Preserving The Oral HistorIES of Combat Veterans

COMBAT STORIES FROM World War II

Frank Fancher | Troop A, 32nd Cavalry Squadron, 14th Cavalry Group

2:39   |   It was cold and the snow was up to your waist. Your skin would stick and "burn" if you touched metal. You couldn't see through the fog during the day and you huddled together at night in snow caves because it was twenty below. That was when you weren't fighting at the Battle of the Bulge, recalls Frank "Lindy" Fancher.

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Keywords   :     Frank Lindy Fancher    cold    snow    fog    Battle of the Bulge

Videos ( 10 )
WWII
  • Frank Fancher  |  WWII  |  106th Cavalry Regiment  |  4:47

    In 1940, Frank Fancher enlisted in the Army. He thought the Illinois unit would be full of locals and make the time easier, but it didn't work out that way. The old hands didn't care for the new recruits so he got a job no one else wanted, but which suited him well, demolitions.

  • Frank Fancher  |  WWII  |  106th Cavalry Regiment  |  6:01

    His one year enlistment in the Army ended Dec. 6, 1941. Frank Fancher was working on an old car, preparing for the drive home from camp when the word came over the radio, get back immediately. The Japanese had attacked Pearl Harbor. Looks like he was going to stay in for a while longer. He guarded docks in New Orleans and Panama, then was given a covert assignment. The Germans had radio towers in Columbia and the team needed a demolitions man.

  • Frank Fancher  |  WWII  |  Troop A, 32nd Cavalry Squadron, 14th Cavalry Group  |  3:56

    As he readied for deployment to Europe, Frank Fancher was worried about the new armored car he would be using. When you were up in the turret, you couldn't reach your carbine at your feet. A forty five and a shoulder holster made him feel better about that. There was no cure, though, for the funny feeling he had as he looked up at the Statue of Liberty on his way out of New York harbor.

  • Frank Fancher  |  WWII  |  Troop A, 32nd Cavalry Squadron, 14th Cavalry Group  |  4:04

    Frank Fancher was in a cavalry reconnaissance platoon. Their job was to gather information and return, not to fight and hold. Attached to Patton's force as he began his move into Europe, they cleared many small towns. Frank earned the nickname Lucky Lindy in one of those towns.

  • Frank Fancher  |  WWII  |  Troop A, 32nd Cavalry Squadron, 14th Cavalry Group  |  6:29

    They had to take the hill. Patton needed to cross the Moselle River where the German guns were targeted and Frank "Lindy" Fancher's platoon was pinned down. He was so mad that he grabbed a 30 cal machine gun and some ammo belts and charged the hill. When it was over, the crossing was secure and Fancher had won a battlefield commission.

  • Frank Fancher  |  WWII  |  Troop A, 32nd Cavalry Squadron, 14th Cavalry Group  |  3:58

    One of the units from his group was surrounded and outnumbered by a large German force and Frank "Lindy" Fancher's platoon was ordered to keep the road open so they could escape. Later, back in a supposed safe area, he couldn't sleep and was the first to hear over the radio that the German armor was coming.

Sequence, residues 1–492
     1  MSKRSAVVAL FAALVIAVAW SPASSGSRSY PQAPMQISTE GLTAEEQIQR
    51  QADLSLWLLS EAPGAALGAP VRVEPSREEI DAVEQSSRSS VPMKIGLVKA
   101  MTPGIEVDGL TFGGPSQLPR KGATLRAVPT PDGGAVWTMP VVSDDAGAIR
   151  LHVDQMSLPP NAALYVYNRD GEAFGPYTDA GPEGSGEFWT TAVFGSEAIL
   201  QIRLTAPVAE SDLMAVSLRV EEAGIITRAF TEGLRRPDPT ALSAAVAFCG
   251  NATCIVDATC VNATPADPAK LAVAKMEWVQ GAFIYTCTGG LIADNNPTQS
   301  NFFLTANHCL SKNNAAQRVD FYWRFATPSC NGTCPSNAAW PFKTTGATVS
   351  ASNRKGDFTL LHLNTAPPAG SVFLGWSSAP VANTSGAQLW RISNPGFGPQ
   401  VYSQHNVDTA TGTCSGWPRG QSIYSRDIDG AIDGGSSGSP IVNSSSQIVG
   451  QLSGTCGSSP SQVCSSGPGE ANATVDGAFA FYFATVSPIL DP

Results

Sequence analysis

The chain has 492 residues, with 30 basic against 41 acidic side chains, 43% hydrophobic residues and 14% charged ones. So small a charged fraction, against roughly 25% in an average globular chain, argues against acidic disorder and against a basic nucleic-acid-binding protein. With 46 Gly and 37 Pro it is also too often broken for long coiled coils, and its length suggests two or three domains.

• Frank Fancher  |  WWII  |  Troop A, 32nd Cavalry Squadron, 14th Cavalry Group  |  2:36

    His battlefield commission from Stromberg Hill finally caught up with Frank "Lindy" Fancher and he received his Lieutenant bars. By this time, the Battle of the Bulge was on and he was in several firefights in Belgium where the Germans had superior numbers. It was during this time that he spotted an idle tank and took off in it to help a pinned down unit.

  • Frank Fancher  |  WWII  |  Troop A, 32nd Cavalry Squadron, 14th Cavalry Group  |  6:27

    Several of the German weapons were far superior to his own, according to Frank "Lindy" Fancher. The Panzerfaust bazooka and the MG 42 machine gun were two that he really liked and he had more than one occasion to turn them on their makers. Sometimes he got orders that made no sense to him, like the time he was sent to a defensive position in a place that was impossible to defend.

  • Frank Fancher  |  WWII  |  Troop A, 32nd Cavalry Squadron, 14th Cavalry Group  |  7:03

    Frank "Lindy" Fancher had to get his unit across a mine field into some bunkers where they would guard a Ruhr River crossing. Halfway across the mine field, someone sneezed, a flare went up and the machine gun fire started. He inched his way out of there, but before it was over, he would cross that field several times to aid the wounded, repair the telephone wire and get his men into the bunkers. He would also be on the receiving end of a Screaming Mimi barrage and the earned end of a Silver Star.

  • Frank Fancher  |  WWII  |  Troop A, 32nd Cavalry Squadron, 14th Cavalry Group  |  3:28

    After recovering from his wound, Frank "Lindy" Fancher was assigned to the Criminal Investigation Division in Paris, where he investigated crimes of US personnel and local civilians on the black market. It wasn't as dangerous as the front, but he did get shot at. He remembers the huge celebration in the city on the day Germany surrendered.

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